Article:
Image of UpGoer Five comic rendering of SaturnV

Image of UpGoer Five comic rendering of SaturnV

Et Tu Isotope?

Et Tu Isotope?

SCU environmental studies and sciences professor Hari Mix recently was asked to summarize his research on how nature and topography impact certain types of rainfall, to a roomful of students. 

But there was a catch to this particular talk: he could use only words allowed by the scientific language-simplification tool known as UpGoer Five, which restricts users to the 1,000 most-used English words.

That’s hard to do for a presentation titled, “Evaluating the Roles of Topography and Aerosols in Atmospheric River Rainout Using a Paired Stable Isotope and Ice Nucleating Particle Time Series Approach.” In UpGoer speak, it sounded quite different: “Have you ever noticed how the person on TV doesn't always tell you when it will rain, or how much or where—or if it'll be rain or ice rain?” Mix said as part of his five-minute talk. “So, we need to learn how water trains in the sky work,” he said, using water trains as a substitute for “atmospheric rivers.”

UpGoer Five is a movement among scientists challenging them to convey their research as simply as possible, in much the same way that “design thinking” urges them to think of the end user before launching a new innovation.

“The point of UpGoer in an academic setting is to explain your research in a way that is accessible to a broad nonacademic audience,” said anthropology professor Michelle Bezanson, who organized an UpGoer event for the anthropology department last year. She argues that professors have an obligation to explain their work to the public in order to improve awareness, understanding, and appreciation of their research and how it is pertinent to people’s lives.  

Another benefit? “The students really pay attention,” noted Prof. Virginia Matzek in her e-mail inviting a half-dozen Environmental Studies and Sciences Department and other faculty to present at the most recent session. “They are riveted by the language choices and trying to figure out the jargon-nonjargon equivalencies.”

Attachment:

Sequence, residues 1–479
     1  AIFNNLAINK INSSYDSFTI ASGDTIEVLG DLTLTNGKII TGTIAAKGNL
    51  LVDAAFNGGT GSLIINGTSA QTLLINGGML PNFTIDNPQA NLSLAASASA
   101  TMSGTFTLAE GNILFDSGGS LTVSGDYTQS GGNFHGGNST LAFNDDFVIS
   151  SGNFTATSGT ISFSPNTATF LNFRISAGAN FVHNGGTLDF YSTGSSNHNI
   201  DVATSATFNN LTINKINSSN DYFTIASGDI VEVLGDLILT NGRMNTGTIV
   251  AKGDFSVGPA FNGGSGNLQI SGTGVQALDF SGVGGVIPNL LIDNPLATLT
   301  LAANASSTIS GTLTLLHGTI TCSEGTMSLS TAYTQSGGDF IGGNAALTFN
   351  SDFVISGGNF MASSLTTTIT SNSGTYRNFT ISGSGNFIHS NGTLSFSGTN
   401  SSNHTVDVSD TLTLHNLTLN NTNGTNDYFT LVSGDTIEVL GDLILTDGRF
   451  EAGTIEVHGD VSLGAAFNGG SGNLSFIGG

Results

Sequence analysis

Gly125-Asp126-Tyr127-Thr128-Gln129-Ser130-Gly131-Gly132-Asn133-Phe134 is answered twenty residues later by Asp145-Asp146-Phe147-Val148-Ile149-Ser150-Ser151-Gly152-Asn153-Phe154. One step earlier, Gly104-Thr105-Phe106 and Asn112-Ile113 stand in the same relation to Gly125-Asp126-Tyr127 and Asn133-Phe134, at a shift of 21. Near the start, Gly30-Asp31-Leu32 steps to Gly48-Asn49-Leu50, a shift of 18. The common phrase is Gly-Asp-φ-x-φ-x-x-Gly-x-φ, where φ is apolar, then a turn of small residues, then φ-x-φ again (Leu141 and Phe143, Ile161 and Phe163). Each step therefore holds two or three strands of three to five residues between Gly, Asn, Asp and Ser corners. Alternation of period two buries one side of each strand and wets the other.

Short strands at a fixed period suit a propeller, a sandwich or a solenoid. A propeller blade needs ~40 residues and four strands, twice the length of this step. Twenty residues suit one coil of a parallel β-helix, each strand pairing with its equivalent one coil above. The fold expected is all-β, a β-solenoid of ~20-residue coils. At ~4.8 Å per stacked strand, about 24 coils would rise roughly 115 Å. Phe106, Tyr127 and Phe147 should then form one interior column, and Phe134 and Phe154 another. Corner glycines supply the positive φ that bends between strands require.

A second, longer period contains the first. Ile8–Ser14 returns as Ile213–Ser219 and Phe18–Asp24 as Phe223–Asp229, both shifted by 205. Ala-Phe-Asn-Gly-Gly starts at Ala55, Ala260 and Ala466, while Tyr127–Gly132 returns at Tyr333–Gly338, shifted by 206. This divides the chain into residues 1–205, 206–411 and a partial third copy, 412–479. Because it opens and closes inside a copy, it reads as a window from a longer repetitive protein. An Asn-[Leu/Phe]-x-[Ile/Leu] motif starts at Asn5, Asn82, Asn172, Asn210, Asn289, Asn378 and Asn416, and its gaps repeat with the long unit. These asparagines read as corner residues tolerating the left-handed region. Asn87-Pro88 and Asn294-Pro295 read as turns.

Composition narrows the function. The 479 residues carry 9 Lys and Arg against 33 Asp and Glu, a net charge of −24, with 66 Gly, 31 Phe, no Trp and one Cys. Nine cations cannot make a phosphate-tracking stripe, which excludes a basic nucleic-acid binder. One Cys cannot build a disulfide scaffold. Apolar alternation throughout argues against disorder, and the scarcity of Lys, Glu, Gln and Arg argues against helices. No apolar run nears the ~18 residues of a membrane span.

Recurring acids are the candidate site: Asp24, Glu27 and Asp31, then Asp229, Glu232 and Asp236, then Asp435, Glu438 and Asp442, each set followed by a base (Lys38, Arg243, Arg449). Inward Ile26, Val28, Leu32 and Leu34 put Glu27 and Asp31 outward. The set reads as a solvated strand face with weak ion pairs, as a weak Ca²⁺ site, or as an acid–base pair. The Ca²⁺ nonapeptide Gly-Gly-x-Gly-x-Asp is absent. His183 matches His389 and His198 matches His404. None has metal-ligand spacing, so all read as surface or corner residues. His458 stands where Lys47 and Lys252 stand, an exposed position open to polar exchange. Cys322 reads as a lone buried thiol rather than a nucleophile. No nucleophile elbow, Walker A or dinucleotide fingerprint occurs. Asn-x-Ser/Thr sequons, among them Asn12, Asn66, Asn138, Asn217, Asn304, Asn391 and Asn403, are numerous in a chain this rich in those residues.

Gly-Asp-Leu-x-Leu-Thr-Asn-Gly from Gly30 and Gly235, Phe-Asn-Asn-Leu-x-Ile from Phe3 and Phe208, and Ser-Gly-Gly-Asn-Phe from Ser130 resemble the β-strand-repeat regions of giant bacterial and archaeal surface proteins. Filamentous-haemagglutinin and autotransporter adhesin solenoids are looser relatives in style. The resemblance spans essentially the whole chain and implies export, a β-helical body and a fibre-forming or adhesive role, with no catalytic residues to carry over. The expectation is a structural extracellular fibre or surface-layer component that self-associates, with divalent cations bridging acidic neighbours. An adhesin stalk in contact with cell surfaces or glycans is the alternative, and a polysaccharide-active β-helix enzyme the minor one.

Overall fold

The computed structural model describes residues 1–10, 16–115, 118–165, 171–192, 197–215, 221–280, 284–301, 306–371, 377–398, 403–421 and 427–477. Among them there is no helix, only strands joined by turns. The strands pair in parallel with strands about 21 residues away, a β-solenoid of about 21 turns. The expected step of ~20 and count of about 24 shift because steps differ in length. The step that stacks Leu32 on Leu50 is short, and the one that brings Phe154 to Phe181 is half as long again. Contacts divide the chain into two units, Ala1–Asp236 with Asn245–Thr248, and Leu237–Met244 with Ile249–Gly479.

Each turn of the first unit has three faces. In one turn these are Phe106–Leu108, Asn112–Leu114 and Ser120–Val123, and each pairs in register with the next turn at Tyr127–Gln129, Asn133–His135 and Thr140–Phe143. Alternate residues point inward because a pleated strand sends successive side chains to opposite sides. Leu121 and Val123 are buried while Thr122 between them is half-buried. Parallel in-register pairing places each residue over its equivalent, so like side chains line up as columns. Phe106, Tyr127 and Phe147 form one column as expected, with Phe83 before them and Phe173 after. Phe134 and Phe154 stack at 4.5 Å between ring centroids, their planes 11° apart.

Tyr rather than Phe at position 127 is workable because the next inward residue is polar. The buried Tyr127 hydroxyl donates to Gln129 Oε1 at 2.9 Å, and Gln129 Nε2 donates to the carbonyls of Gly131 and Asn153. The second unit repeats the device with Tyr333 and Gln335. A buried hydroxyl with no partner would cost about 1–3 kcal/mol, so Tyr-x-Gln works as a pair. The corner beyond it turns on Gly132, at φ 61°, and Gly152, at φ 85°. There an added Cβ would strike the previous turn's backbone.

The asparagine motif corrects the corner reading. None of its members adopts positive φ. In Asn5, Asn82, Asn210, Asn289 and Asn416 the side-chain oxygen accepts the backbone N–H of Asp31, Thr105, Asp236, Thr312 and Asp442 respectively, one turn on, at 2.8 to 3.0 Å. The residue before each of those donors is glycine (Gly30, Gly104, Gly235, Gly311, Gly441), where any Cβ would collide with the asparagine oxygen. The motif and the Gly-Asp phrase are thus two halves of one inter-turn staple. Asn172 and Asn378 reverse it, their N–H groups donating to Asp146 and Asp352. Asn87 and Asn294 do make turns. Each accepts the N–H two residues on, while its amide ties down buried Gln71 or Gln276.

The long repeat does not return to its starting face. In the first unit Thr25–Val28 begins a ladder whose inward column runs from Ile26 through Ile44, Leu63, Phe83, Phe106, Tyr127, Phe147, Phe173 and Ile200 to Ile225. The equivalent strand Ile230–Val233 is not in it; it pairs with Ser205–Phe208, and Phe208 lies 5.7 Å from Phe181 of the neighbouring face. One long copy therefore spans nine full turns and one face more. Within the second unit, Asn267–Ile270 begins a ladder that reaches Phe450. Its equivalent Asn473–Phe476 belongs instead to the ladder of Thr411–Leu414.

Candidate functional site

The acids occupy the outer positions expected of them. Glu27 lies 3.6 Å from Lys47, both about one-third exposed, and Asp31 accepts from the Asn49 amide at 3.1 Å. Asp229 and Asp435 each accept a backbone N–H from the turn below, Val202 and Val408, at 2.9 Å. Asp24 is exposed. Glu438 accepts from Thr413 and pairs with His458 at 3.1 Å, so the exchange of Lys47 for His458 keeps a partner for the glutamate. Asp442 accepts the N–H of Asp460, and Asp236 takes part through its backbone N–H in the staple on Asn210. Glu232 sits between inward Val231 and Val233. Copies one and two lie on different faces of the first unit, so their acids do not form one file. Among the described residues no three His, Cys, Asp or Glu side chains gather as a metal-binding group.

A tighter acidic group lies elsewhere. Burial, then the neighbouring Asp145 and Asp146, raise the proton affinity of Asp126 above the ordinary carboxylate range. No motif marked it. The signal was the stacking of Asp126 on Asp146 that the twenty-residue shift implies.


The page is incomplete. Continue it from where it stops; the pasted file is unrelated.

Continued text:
UpGoer Five got its name from an online comic book that in 2012 impressively explained the Saturn V moon rocket using only a diagram annotated with words in the 1,000 most-used word list (up-goer was their word for the moon rocket). Scores of scientists subsequently latched onto the concept, and an online text editor was created to test one’s work against the allowable word list.

At the ESS event, Bezanson went for the abstract to explain her work, “Primatological Research in an Age of Extinction”—which examines whether researchers are having detrimental or unintended impacts on primates and their environments.

In UpGoer speak: “My work shows that crazy people like to study the same things that other crazy people study,” she said to surprised laughter at her choice of words to replace “researchers.”

“This will not help the other weird hair-covered large-brained animals live,” she continued. “Many are disappearing fast, but they are not the ones being studied. This is bad.”

Then there was environmental studies and sciences professor C.J. Gabbe, describing his paper on the impact of land-use regulations on housing stock in Los Angeles, which he dubbed the “big city by the water known for its movie stars.”

“There's not enough housing for all the people who want to live in the city,” he said. “And people who lead the city are trying to figure out how to get the people who build housing to build more of it in good places, like near train stops.”

Other professors who presented their research  at the ESS event included ESS professors Iris Stewart-Frey and John Farnsworth, and civil engineering's Ed Maurer.

After the ESS event, the professors reflected on the challenge. Maurer, while expressing outrage that “isotope” wasn’t on the approved-word list, nonetheless said it was a good reminder to simplify.

“Communication is really where you get the payback for science,” he mused. “If you aren't communicating it to the broader society, then it's not going to have any influence.”

Gabbe added that it was nice to clear away jargon. “In urban planning there are so many words like “mixed use” and “transit-oriented development,” even “walkable” and “livable” and stuff,” he said. “Having to deconstruct what I was trying to mean, and tailor my findings for this limited palette of words was challenging, and kind of fun.”

Students in attendance enjoyed the exercise too, and understood how their own futures as scientists will include a need to be able to explain their work—be it to peers, funders, customers, or others.

“We all know kind of what their research is, and they are clearly trying not to dumb it down,” said senior Jack Williams. “It’s cool to see someone try to communicate that better—to know that a problem with a lot of science is it's not really communicate-able.  It's something we're all going to have to do.”

Others liked the refreshing simplicity, and had a suggestion for their professors.

”If more classes were like this, or more professors were forced to use this kind of ideology,” said senior Travis Osland, “it would be really cool.”



The online comic book XKCD was the first to explain complex scientific concepts —in this case the Saturn V moon rocket—using only the 1,000 most popular words in English.